The King’s Speech is Old Hollywood film making at its very best. Highlighted by an insightful, often hilarious, and poignantly human screenplay by David Seidler, sensitive and masterful direction by Tom Hooper (who also directed John Adams, the brilliant HBO miniseries), a lovely performance from Helena Bonham Carter, career-defining and almost certain Oscar-winning performances from Colin Firth and Geoffrey Rush, and a sense of the nobility, humor, and basic decency of humanity that illuminates every frame of film, The King’s Speech is one of my favorite movies of 2010. The King’s Speech made me feel so grateful to just be a human being. Wow—what a movie!
The film, which opens Christmas Day in most cities, tells the true story of The Duke of York (Firth) who has such a debilitating stammer that he has a difficult time even speaking to his wife (Bonham-Carter) and family . Nevertheless, he is forced by his position as a potential heir to his father King George V (Harry Potter‘s Michael Gambon) to speak in public, with predictably humiliating results. His loving wife (who would become Queen Elizabeth) sees the Duke struggle with a series of speech therapists, none of whom help him at all. Taking the initiative herself, she finds a highly eccentric yet dedicated speech therapist named Lionel Logue (Rush) who agrees to try to help the Duke, even though his new patient’s real identity is unknown to him until treatment begins.
The focus of the film is the relationship between the Duke and Logue and it is brilliant, funny, warm, dramatic, and utterly compelling. Logue’s methods are, to say the least, unconventional. When the Duke gets frustrated, Logue asks the Duke if he knows any jokes, to which the Duke dryly replies “Timing isn’t my strong suit.”Logue then demands that the Duke sing what he is trying to say, preferably to the tune of “Swanee”, a recurring refrain throughout the film that takes on special significance when the Duke actually does ascend to the throne and leads England through World War 2.
The King’s Speech is a complete triumph from start to finish.
Colin Firth is so transcendently brilliant that the specter of anyone else winning next year’s Best Actor Oscar is almost inconceivable. Some years ago, Mr. Firth was the subject of much criticism when he declared that he so wanted to do more dramas that he would forsake doing any more of the romantic comedies (Four Weddings and a Funeral, Love, Actually, Bridget Jones’ Diary, Mamma Mia, etc.) that had brought him such success. With The King’s Speech, Mr. Firth has certainly proved his point. (So maybe now he can do both!)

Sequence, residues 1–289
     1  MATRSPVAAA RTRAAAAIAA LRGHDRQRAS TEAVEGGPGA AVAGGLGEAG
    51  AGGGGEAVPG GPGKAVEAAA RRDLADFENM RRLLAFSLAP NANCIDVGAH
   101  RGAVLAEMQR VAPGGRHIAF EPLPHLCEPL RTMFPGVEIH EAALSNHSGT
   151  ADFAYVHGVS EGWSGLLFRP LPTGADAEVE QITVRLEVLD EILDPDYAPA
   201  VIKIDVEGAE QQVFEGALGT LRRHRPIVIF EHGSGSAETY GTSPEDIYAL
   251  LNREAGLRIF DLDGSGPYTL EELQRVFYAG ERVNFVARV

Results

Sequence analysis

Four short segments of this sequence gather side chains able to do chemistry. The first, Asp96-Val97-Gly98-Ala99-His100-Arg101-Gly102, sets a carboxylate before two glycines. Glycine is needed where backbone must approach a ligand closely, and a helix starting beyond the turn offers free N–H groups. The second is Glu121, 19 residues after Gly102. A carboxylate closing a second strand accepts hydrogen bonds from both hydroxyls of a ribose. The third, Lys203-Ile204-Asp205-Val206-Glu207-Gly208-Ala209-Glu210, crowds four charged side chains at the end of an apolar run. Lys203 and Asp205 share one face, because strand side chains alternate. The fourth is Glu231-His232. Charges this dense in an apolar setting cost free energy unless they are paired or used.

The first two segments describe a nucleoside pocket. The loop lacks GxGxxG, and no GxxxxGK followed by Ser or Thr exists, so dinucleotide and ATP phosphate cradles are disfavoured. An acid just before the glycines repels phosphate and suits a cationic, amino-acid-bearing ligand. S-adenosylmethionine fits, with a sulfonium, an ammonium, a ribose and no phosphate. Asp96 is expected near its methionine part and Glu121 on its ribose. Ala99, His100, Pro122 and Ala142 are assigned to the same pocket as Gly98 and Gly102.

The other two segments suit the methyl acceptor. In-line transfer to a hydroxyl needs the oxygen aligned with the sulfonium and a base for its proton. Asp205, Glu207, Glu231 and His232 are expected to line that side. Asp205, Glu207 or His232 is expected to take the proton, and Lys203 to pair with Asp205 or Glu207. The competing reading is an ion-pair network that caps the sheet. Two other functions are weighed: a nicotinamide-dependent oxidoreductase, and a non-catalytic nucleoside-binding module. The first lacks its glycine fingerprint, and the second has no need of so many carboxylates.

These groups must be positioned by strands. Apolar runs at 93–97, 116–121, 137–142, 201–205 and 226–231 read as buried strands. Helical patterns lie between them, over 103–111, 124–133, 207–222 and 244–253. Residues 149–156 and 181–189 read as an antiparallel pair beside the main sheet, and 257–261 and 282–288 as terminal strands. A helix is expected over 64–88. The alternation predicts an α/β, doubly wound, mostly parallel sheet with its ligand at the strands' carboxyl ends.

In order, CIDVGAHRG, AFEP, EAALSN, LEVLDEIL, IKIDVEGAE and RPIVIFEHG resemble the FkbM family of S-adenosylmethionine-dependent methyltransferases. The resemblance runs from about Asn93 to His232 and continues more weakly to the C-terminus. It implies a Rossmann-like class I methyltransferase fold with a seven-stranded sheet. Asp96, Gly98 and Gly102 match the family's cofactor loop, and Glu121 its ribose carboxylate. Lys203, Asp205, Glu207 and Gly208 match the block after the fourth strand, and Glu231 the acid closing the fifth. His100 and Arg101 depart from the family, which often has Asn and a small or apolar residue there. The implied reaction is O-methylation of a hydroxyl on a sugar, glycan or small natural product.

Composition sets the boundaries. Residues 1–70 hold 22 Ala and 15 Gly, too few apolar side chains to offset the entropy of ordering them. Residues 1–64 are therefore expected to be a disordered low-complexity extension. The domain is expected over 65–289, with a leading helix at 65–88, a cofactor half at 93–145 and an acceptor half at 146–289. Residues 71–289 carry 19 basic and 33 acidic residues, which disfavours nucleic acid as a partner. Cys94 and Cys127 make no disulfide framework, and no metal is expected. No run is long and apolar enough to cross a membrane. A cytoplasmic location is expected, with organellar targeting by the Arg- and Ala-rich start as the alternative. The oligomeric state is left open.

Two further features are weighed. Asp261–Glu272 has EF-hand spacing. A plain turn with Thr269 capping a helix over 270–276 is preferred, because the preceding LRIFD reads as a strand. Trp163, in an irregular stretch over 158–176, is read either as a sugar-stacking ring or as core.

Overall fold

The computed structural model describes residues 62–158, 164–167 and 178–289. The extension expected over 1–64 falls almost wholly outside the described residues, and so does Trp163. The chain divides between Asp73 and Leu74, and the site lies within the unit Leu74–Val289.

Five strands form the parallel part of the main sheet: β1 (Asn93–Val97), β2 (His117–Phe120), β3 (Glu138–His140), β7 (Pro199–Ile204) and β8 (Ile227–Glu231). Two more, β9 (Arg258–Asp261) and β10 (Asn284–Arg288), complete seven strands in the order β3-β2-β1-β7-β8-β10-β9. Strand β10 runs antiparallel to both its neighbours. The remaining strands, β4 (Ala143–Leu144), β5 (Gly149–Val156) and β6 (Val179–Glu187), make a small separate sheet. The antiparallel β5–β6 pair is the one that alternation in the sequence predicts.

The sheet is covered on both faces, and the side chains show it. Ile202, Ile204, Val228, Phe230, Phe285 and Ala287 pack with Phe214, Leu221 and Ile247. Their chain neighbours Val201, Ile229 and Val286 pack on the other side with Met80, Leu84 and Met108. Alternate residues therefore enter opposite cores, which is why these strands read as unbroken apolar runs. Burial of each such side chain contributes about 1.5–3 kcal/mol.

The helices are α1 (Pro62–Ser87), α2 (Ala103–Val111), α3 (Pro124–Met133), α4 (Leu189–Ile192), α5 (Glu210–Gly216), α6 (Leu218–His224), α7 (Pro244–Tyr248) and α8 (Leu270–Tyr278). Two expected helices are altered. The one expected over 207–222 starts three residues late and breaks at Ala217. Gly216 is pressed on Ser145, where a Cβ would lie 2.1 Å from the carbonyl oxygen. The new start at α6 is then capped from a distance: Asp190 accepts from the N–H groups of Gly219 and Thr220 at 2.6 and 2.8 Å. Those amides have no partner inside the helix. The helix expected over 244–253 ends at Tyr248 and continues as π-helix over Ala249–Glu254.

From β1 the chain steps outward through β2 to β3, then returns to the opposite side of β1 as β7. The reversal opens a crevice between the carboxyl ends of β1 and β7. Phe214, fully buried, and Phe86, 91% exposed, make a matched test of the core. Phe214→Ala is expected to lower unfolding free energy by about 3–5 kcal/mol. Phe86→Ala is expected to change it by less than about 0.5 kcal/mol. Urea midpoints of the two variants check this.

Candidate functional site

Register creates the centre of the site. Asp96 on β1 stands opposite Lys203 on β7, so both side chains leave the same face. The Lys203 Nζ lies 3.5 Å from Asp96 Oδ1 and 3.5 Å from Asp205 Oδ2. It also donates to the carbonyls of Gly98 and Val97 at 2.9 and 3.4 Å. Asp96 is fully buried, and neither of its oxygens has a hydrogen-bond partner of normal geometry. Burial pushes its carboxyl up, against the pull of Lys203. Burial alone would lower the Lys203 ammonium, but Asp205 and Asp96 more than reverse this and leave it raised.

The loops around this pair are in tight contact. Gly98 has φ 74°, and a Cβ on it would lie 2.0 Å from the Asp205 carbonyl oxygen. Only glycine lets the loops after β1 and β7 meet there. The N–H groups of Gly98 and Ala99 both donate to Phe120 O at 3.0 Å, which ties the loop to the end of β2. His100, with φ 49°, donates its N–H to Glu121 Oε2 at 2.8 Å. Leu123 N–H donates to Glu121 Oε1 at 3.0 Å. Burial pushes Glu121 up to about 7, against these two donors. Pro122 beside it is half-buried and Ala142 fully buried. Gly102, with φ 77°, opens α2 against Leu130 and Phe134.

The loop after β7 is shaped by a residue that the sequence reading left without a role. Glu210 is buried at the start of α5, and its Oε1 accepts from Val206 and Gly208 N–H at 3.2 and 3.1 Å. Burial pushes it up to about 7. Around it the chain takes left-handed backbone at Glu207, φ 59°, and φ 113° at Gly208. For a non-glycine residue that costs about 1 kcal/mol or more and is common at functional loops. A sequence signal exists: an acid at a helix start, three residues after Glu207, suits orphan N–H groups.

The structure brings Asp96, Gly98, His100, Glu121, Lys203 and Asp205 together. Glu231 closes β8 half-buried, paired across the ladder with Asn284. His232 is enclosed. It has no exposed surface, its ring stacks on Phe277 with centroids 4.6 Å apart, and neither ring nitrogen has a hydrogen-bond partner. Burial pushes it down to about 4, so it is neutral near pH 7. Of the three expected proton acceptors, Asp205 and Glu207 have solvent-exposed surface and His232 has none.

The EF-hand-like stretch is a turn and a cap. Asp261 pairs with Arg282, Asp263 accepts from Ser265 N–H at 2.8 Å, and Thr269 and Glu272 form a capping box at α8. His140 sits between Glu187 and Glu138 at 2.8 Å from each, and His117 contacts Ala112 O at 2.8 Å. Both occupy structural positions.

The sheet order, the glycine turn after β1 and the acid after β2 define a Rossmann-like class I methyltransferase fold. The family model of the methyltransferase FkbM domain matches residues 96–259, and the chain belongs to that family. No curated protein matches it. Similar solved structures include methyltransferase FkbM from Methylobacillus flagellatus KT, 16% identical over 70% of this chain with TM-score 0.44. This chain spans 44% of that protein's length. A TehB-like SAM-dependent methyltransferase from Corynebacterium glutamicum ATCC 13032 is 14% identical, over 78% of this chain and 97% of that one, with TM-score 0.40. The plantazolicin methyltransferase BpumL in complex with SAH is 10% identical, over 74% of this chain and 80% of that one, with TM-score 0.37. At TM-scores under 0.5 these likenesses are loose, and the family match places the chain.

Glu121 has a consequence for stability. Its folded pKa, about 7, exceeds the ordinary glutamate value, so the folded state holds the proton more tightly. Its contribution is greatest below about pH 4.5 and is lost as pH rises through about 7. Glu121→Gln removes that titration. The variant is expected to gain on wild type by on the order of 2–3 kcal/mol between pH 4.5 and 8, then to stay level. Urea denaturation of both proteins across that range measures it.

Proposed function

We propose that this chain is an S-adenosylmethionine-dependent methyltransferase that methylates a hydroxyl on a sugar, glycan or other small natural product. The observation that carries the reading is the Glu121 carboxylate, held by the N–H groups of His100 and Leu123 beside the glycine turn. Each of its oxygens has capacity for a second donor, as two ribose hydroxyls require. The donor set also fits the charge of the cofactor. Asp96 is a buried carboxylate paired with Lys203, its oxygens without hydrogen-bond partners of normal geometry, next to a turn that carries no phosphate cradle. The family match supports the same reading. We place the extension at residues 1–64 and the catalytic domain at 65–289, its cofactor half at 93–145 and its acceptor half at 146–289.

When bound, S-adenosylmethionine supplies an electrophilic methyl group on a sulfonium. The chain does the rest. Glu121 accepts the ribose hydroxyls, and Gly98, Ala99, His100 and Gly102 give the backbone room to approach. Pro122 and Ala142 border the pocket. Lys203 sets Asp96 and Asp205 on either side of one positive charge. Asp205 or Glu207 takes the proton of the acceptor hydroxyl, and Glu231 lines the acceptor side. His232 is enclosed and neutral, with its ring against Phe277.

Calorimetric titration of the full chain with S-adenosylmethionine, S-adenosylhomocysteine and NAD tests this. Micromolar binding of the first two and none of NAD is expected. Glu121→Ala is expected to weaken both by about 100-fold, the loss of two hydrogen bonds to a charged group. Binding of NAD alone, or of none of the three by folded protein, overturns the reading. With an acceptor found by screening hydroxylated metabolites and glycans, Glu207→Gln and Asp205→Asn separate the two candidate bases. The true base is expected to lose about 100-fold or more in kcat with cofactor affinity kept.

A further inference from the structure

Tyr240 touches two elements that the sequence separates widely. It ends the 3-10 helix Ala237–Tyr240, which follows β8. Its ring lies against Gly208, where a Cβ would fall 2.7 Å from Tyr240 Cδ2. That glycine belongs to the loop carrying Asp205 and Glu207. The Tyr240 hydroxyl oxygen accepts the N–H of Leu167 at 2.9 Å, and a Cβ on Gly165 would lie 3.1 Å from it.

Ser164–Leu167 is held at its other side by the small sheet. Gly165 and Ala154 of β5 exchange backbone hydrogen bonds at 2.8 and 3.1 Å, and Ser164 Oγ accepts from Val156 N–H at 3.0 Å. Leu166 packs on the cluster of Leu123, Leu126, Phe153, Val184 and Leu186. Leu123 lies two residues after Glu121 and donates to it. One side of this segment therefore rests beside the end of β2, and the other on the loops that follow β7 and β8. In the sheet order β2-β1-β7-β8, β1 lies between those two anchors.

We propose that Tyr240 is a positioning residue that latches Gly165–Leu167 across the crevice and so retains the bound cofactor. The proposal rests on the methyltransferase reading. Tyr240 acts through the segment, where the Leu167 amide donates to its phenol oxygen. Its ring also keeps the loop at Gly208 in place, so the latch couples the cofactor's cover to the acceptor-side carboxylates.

As Logue, Geoffrey Rush gives one of the great supporting performances in recent memory. Rush’s wit, love, support, and fierce loyalty and determination to help the Duke brings to mind Anne Bancroft‘s iconic and Oscar-winning performance as Annie Sullivan who was just as determined to reach her pupil Helen Keller in The Miracle Worker. Rush seems a more than deserving cinch to at least receive a Best Supporting Actor nomination for his work here. Ms. Bonham-Carter is also wonderful and loving in a smaller but luminous role as the Duke’s wife and fiercest protector.
Special kudos also go to Mr. Seidler’s magnificent script and Mr. Hooper’s masterful direction. Both deserve Oscar consideration as well.
The King’s Speech is Old Hollywood movie making at its best and an inspiring reminder to me of why we are Bringing Back The Old Hollywood. Indeed, it’s the kind of film that one can imagine David O. Selznick producing and Frank Capra directing back in the 1940s. The story of the film is compelling and human, the humor is wonderful and plentiful, and the performances are beyond magnificent.
Most importantly, the film showcases who we can be as human beings when we operate at our very best. The Duke’s perseverance and courage, Logue’s patience and empathy, and Elizabeth’s belief, love, and loyalty illuminate some of the most magical qualities of our humanity.
See The King’s Speech soon and bring your friends and family. I promise that you’ll feel better about being human when the film is finished. In these troubled times, what a welcome holiday gift that is.